For decades, the German metal-workers union IG Metall has dominated labor relations, playing a major role in higher pay and shorter hours for workers. Its successes have led the way to similar benefits for Germany's other trade unions. But last month, a strike organized by IG Metall to win shorter working hours in former communist eastern Germany flopped when thousands of workers failed to support it. Now, some are wondering if the powerful role of labor unions in Germany is nearing an end.
Munich, 10 July 2003 (RFE/RL) -- IG Metall's failure to organize a successful strike in former communist eastern Germany came as a shock.
In theory, the strike should have won enthusiastic support. IG Metall wanted to reduce the working week for East Germans from 38 hours to 35 hours -- the same as in western Germany. At present, the East Germans get the same basic pay as those in the west, despite working the extra three hours. Employers say the system helps attract badly needed investment.
Initially, more than 300,000 workers in Saxony and Berlin joined the strike, but it collapsed after four weeks (on 28 June) when the automobile manufacturers BMW and Volkswagen shut down their assembly lines because of a lack of parts. Thousands of workers, fearing they could lose their jobs, returned to work.
It was the first major defeat for the powerful IG Metall since 1954 and has inspired economists and others to examine whether it remains a powerful player in an economically weak Germany.
Labor unions have traditionally enjoyed a strong position in Germany. Relations between industry and the unions were generally good and strikes were rare. Union representatives sit on the boards of many German companies.
IG Metall has played a leading role in this system. Its strength lies in its 2.7 million members, most of whom are employed in car factories and other industries important for the German export market.
Critics claim that IG Metall's leadership has distanced itself from its members, however, and has ignored economic realities. Nationwide unemployment hovers around 4.4 million -- or about 10.6 percent of the work force.
Critics say IG Metall's leadership made a serious mistake in calling a strike in eastern Germany. Since the strike collapsed, hundreds of workers have resigned from the labor union, arguing that it is out of touch.
Opinion polls taken during the strike showed that as many as 70 percent of Germans believed it was harming the eastern German economy. Many workers also told reporters they were angry at public fights between the labor union's retiring president, Klaus Zwickel, who is considered a moderate, and his deputy and possible successor, Jurgen Peters.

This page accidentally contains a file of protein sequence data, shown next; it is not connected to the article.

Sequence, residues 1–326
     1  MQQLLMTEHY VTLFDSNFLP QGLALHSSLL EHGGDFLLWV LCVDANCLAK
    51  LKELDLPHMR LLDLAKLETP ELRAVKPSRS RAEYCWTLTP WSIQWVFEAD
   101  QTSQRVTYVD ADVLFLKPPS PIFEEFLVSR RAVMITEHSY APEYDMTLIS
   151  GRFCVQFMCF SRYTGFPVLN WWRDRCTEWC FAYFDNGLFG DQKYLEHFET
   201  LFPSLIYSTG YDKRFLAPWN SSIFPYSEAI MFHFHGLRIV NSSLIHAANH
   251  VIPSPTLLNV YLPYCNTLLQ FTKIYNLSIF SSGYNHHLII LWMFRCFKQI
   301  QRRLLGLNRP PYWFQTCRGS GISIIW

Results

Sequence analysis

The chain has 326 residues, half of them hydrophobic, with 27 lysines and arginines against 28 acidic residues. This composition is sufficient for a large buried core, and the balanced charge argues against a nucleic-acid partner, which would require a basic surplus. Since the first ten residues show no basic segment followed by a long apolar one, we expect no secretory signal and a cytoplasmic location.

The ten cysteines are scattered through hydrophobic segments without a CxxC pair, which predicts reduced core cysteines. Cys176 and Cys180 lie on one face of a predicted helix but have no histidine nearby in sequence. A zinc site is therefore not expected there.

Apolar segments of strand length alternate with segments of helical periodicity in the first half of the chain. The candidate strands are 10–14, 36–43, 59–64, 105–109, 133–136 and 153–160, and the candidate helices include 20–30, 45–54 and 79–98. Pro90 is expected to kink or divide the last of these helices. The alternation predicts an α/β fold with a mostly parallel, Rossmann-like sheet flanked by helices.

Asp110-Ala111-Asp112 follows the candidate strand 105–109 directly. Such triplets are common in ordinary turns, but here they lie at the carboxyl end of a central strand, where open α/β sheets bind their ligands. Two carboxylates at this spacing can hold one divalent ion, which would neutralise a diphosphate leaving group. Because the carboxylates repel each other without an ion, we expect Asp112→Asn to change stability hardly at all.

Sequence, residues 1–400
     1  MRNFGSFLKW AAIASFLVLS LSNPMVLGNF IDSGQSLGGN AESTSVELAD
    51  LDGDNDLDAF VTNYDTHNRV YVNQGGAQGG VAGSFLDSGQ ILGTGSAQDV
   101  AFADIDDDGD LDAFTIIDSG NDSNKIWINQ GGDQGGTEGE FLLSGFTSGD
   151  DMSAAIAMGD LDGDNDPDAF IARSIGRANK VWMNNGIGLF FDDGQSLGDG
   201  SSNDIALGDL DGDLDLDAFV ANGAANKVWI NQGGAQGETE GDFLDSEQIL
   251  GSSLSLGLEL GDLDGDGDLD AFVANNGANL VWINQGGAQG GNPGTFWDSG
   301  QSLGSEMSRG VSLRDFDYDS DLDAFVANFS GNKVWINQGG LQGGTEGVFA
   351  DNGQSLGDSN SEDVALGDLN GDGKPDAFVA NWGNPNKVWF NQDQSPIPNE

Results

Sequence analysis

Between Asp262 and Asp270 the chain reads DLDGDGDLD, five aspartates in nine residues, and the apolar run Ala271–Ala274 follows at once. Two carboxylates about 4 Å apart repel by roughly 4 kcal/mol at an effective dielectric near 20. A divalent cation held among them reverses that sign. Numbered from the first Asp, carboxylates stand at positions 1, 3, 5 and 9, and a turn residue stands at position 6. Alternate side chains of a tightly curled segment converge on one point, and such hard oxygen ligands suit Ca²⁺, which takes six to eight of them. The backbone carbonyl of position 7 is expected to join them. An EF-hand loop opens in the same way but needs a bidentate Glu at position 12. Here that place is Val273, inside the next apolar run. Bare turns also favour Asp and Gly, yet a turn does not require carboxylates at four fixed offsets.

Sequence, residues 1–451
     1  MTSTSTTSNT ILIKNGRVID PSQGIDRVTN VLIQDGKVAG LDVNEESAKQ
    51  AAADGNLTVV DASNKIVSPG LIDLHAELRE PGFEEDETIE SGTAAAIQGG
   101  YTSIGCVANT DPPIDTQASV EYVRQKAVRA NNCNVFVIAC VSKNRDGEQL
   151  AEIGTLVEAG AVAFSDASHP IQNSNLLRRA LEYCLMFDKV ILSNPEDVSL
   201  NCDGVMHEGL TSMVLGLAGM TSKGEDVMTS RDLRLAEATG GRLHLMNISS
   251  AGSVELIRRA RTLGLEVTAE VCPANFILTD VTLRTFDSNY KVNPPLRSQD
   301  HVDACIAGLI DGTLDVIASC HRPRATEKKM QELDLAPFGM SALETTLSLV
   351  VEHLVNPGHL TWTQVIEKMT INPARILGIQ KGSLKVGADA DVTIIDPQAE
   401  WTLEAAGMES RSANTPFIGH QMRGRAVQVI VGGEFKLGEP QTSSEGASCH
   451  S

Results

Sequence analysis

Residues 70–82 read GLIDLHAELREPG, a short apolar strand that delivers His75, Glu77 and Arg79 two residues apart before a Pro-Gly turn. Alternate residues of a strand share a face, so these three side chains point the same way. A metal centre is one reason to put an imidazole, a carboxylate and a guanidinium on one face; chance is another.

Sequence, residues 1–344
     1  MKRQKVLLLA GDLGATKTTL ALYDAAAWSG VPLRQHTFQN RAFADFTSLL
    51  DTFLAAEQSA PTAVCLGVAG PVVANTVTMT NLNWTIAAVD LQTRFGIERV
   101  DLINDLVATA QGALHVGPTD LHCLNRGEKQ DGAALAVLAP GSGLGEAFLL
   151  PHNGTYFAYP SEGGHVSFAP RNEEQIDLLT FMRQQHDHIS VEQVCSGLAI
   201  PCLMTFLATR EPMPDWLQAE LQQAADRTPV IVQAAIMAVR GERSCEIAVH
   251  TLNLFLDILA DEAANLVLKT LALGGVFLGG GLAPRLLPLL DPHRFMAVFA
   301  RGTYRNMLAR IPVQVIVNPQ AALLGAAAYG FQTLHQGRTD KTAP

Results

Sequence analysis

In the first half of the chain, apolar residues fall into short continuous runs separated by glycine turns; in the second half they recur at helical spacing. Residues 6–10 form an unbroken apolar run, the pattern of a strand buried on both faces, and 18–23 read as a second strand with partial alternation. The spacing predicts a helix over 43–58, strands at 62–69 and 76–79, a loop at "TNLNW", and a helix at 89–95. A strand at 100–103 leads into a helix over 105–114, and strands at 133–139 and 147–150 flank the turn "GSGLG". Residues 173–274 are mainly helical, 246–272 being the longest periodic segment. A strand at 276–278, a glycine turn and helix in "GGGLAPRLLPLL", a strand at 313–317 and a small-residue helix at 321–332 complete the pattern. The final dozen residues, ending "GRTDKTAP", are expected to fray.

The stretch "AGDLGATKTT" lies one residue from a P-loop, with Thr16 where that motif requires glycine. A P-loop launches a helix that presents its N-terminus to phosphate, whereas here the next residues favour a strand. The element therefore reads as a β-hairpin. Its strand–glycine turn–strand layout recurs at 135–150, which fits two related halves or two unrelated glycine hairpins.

Peters wants the union to follow an aggressive course despite the economic situation. In contrast, Zwickel has come to believe that a militant approach is unlikely to be successful at a time of high unemployment and economic weakness.
Many commentators believe the failure of the eastern German strike has weakened the bargaining strength of the labor unions. But Interior Minister Otto Schily told reporters he has no doubt that IG Metall and other labor unions will remain an important factor in Germany. He also made clear his belief that IG Metall needs new leadership.
"The country needs strong labor unions. That's why it would be good if IG Metall could agree soon on a new leadership. I think it is clear that those who are determined to carry on this dispute are not suitable for the leadership," Schily said.
One of those who believes the failure of the east German strike could weaken the strong role of labor unions is Klaus Zimmermann, the president of the German Institute for Economic Research in Berlin. He said this week that collective bargaining will certainly continue, but he thinks the labor unions will start from a weaker position in the future.
Germany has been close to recession since the end of the economic boom of the late 1990s, and most economists believe recovery will be slow. Figures released this week seem to bear this out. The output of consumer goods has fallen by 2 percent this year and new car production is down 19 percent. Most economists are skeptical of government forecasts that the economy will grow by 0.75 percent this year and about 2 percent next year.
Discussions over the future power of labor unions comes at a time when the government, led by Chancellor Gerhard Schroeder, is taking action in an effort to revitalize the economy. Schroeder has proposed introducing tax cuts next year instead of in 2005 to encourage spending and boost the economy. He has also won support for social and labor reforms, including cuts in unemployment benefits and a relaxation of job-protection laws.